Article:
FAQ’s on Osteoporosis

Q-1: Osteoporosis is not serious enough for me to worry about. Why should I take any treatment?
In fact, the opposite is true.  The reality is that:
  • It is a progressive disease and irreversibly weakens bones
  • Any movement or bump can cause debilitating fracture
  • Chronic pain and disability are the potential outcomes
  • Hip fractures can even cause death

Therefore maintain precaution & initiate the treatment suggested to you by your doctor.

Q-2: I’m a healthy person.  I do the right things so I am not at risk.
  • Don’t forget that Osteoporosis is a “Silent Thief”-- you can’t feel how strong your bones are.
  • In addition, one out of two women and one out of five men have a lifetime of risk.
Q-3:I’m too young to worry about Osteoporosis now.
  • In fact, it is never too early to prevent Osteoporosis by getting enough calcium and weight bearing exercise to ensure that your bones are as strong as they can be.Osteoporosis can strike at any age
Q-4: It’s too late for me to do anything about Osteoporosis. There is nothing that I can do now.
  • To the contrary, although bone loss IS irreversible but you can slow or stop its further progress.
  • The time to do something is NOW before you have experienced so much bone loss that you are at high risk for fractures. It is never too late. ACT NOW.
Q-5: Is calcium from dairy products better than from other sources?
  • Dairy products have high levels of calcium per serving, which is why they're often recommended for bone health. But calcium from other sources -- like spinach, mustard greens, beans, tofu, almonds, fish, and many fortified cereals and juices can be just as beneficial.
  • However, it may be difficult to get adequate calcium from food if you don’t consume dairy products.
  • Osteoporosis experts are of the opinion, that the best source of calcium is from foods, not from food supplements.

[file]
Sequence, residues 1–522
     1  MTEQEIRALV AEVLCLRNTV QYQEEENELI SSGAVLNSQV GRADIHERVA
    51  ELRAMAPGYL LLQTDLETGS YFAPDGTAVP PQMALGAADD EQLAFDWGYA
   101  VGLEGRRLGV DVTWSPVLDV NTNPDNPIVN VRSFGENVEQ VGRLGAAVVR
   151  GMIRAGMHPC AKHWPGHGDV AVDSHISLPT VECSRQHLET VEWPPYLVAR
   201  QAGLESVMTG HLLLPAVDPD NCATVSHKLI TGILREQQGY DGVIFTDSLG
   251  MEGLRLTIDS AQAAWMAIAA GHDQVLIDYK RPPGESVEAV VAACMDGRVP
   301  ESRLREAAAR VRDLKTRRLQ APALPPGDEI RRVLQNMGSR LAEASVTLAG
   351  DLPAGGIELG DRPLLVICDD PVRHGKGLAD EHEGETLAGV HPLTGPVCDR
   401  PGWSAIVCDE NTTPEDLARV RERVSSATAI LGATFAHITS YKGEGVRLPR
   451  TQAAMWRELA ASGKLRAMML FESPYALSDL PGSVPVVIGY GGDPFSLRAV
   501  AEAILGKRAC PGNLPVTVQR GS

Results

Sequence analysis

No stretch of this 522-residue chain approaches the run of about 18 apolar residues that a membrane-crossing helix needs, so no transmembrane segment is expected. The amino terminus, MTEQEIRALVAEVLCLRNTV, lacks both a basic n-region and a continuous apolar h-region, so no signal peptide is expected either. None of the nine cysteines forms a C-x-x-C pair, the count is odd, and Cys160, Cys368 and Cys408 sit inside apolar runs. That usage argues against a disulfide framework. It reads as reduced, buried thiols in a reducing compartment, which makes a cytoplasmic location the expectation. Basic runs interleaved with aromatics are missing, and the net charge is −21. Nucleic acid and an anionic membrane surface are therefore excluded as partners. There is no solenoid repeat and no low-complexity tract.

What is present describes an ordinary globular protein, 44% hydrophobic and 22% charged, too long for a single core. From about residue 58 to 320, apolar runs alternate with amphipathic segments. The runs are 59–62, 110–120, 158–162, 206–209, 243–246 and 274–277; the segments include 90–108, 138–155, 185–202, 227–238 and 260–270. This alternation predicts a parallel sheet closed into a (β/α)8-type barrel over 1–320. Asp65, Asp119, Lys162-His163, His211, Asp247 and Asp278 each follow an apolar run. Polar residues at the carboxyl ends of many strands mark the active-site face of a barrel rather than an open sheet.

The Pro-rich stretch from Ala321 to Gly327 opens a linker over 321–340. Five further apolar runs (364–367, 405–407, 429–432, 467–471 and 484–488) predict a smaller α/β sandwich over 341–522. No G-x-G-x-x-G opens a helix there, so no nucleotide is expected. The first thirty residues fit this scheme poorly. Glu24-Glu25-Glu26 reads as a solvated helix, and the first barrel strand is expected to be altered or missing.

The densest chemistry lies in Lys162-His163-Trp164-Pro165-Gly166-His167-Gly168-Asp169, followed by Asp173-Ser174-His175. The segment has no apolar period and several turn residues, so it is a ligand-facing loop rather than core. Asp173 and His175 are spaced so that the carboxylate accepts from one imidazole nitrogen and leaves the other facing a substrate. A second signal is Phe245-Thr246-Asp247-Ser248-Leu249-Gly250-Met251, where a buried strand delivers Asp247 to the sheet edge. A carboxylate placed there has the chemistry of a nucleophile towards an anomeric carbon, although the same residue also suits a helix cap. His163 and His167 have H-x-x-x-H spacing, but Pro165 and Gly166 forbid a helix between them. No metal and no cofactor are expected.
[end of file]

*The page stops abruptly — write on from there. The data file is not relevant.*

• Food contains other important nutrients in addition, that help the body use calcium. 
Q-6: How is osteoporosis diagnosed?
  • The most common test for diagnosing osteoporosis is called a DEXA test (Dual Energy X-ray Absorptiometry). Ultrasound and various types of x-rays are used to detect osteoporosis.
Q-7: Does a DXA bone density test involve a lot of radiation?
  • No. The radiation dose of a DXA bone density test is about 1/10 that of a chest x-ray and 1/500th of a CT scan. You will get about as much radiation from a DXA test as you would during a transcontinental flight. One big advantage of a DXA test is that it can provide images of the sikeleton using very low radiation. However If a problem is noted, these can be followed up with regular x-rays, which are sharper and provide greater detail.
Q-8: What is osteopenia?
  • Osteopenia is a form of  ‘Pre-Osteoporosis’. It is the precursor of osteoporosis. Penia means "lack" or "deficiency." The term originated from the Greek goddess of poverty, Penia. A diagnosis of osteopenia means your bone density is lower than normal but not yet into the stage of full osteoporosis.  This is a stage which should encourage you to take steps to prevent further bone loss.
Q-9: What is a T-score?
  • On a bone density report, a T-score is a statistical number that compares the bone density of an area of your skeleton to that of a normal, young adult. T-scores can vary from one skeletal area to another.
  • According to the guidelines of the World Health Organization, the worst score of the important skeletal areas should be used to establish the stage and diagnosis of ‘osteoporosis’ or ‘osteopenia’. 
Q-10: What is the maximum tenure for treatment with ELEVOSTEO?
  • ELEVOSTEO can be used for a maximum of two years. It is common practice to follow teriparatide treatment with an anti-resorptive agent, usually a bisphosphonate (ZOLVOID-Zoledronic Acid Infusion), to maintain or further increase BMD.
Q-11: I cannot take milk products due to ‘Lactose Intolerance’. How will this affect me?
  • One of the primary risk factors for developing osteoporosis is not getting enough calcium in your diet. Because dairy products are a major source of calcium, you might assume that people with lactose intolerance who avoid dairy products could be at increased risk for osteoporosis. However, research exploring the role of lactose intolerance in calcium intake and bone health has produced conflicting results. Some studies have found that people with lactose intolerance are at higher risk for osteoporosis, but other studies have not. Regardless, people with lactose intolerance should follow the same basic strategies to build and maintain healthy bones and should pay extra attention to getting enough calcium.


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